Ok, this isn’t exactly a breaking development, but it was certainly news to us. Gir sanctuary lions are moving into coastal areas due to increasing numbers—accompanied by shrinking natural habitat. They usually follow the Heran river—which passes through the Gir forest—to the Arabian sea in Somnath district. There are at least 104 lions—of a total of 275 in the state—that now live close to the beaches. The good news: there have been no reports of human-animal conflicts. (BBC News)
Speaking of animal invasions: Brits are far less happy about sharing space with grey squirrels—which are an invasive species brought over from North America. They also pose a grave threat to the native red squirrel. Scientists have now come up with a novel solution: oral contraceptives:
“The mass birth control plan involves luring grey squirrels into feeding boxes only they can access, using pots containing hazelnut spread. These will be spiked with contraceptives. The project could help eradicate the grey squirrel in the UK without killing them.”
What’s notable: if successful, the same humane strategy could be used to deal with other pesky species, including rats, mice, deer, and wild boar. (BBC News)
Speaking of more dangerous pests: New research shows that mosquitoes are attracted to humans infected with viruses that cause Zika or dengue fever. These diseases raise the level of a compound called acetophenone—which changes how they smell. Why this matters: This increases the odds that mosquitoes are biting infected humans—and hence making the disease more likely to spread. The good news: The scent can be blocked with isotretinoin, an anti-acne medication also known as Accutane. (NBC News)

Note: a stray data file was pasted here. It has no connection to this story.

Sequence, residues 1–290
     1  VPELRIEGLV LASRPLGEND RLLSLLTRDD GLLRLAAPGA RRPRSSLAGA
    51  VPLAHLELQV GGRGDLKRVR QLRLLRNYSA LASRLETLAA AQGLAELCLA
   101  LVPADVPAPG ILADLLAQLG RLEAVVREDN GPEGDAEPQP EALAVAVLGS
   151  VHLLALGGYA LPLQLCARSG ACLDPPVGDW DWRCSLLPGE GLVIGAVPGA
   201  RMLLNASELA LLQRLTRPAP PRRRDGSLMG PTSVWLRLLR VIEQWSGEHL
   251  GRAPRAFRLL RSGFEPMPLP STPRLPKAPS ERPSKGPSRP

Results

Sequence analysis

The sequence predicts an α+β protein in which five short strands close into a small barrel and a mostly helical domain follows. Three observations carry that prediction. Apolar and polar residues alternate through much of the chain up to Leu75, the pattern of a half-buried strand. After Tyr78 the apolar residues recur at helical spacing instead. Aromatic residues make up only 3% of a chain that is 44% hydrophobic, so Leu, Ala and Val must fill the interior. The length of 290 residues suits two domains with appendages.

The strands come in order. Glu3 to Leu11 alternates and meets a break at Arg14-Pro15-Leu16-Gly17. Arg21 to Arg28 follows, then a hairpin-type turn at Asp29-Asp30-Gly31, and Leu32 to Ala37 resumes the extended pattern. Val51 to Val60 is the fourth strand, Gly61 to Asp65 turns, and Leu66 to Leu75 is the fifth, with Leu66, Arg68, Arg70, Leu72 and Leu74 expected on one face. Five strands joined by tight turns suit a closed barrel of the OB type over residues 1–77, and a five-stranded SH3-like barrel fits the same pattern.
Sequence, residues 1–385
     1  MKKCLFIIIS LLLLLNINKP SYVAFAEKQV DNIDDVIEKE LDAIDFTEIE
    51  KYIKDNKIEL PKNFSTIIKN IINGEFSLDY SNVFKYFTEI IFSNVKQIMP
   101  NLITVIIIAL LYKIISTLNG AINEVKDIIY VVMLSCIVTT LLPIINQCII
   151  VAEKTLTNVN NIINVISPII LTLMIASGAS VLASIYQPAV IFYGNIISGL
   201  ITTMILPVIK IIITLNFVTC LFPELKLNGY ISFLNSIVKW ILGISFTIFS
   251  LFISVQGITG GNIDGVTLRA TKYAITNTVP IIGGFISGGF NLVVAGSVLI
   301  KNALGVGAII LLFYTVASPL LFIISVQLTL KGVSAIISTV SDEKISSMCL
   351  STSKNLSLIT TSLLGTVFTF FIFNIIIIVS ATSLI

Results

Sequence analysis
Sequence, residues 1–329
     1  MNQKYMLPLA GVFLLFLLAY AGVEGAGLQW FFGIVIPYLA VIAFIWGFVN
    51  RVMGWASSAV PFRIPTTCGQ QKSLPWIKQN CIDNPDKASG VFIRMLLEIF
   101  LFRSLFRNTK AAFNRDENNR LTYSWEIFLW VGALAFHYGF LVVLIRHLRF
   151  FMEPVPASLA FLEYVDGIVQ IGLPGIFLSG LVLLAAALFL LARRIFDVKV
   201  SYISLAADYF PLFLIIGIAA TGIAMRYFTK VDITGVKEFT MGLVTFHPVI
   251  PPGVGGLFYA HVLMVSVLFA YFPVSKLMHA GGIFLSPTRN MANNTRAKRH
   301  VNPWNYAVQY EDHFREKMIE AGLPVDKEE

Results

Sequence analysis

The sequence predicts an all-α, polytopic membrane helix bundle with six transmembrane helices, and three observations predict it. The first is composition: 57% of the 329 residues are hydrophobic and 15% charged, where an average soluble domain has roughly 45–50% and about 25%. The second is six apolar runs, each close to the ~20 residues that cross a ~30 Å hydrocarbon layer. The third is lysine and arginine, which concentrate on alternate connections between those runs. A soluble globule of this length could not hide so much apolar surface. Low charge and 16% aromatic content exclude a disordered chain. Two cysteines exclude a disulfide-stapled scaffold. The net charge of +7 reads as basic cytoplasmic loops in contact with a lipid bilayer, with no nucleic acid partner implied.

Which is the funnest city of them all?
According to the latest Time Out Index, the #1 spot goes to Edinburgh, followed by Chicago, Medellín (Colombia), Glasgow and Amsterdam. The key criteria: thriving nightlife, amazing food and drink, art, culture and museums. Given that there are two Scottish cities in the top five, we’re guessing decent weather wasn’t a requirement:) Also: Medellín? Indians can take heart at the fact that Mumbai came in at #14 and Delhi at #26—ahead of Rome, Paris, Istanbul, Singapore and Sydney. (Time Out)
Two things to see
One: NASA released the first five images taken by the James Webb Space Telescope. The first image is the highest-resolution picture of the universe ever captured—and shows a 4.6 billion year old galaxy cluster called SMACS 0723. An awe-inspiring fact to keep in mind about the image shown in the wonderful clip below: “This slice of the vast universe covers a patch of sky approximately the size of a grain of sand held at arm’s length by someone on the ground.” You can see all the images over at Quartz. Also read: The Telegraph’s profile of Jesse Jose who is one of two Indian astronomers with observation privileges on the telescope. Wondering why this telescope is a big deal? Our excellent Big Story has all the details.
Two: On Monday, the PM unveiled a bronze statue of our national emblem—the Ashoka lions—that will sit atop the new parliament building. But the appearance of the lions has triggered great hue and cry—and many accuse the government of “distorting” the emblem. The reason: The usually calm lions have an unusually ferocious look. Opposition leaders claim the original is “graceful, regally confident” while the new one is “snarling, unnecessarily aggressive and disproportionate.”
One of the artists involved in making the sculpture says the lions only look ferocious because of the viewing angle: “If you look at the Sarnath ‘Lion Capital’ from below, it will look the same as the Parliament emblem does.” You can compare them below for yourself. (The Telegraph)
Good stuff to check out!
On the latest episode of the splainer podcast ‘Press Decode,’ the team looks at the Udaipur/Amravati murders—and debates whether fashion can ever be sustainable. Be sure to head over to the IVM website, Spotify or Apple Podcasts to listen to it.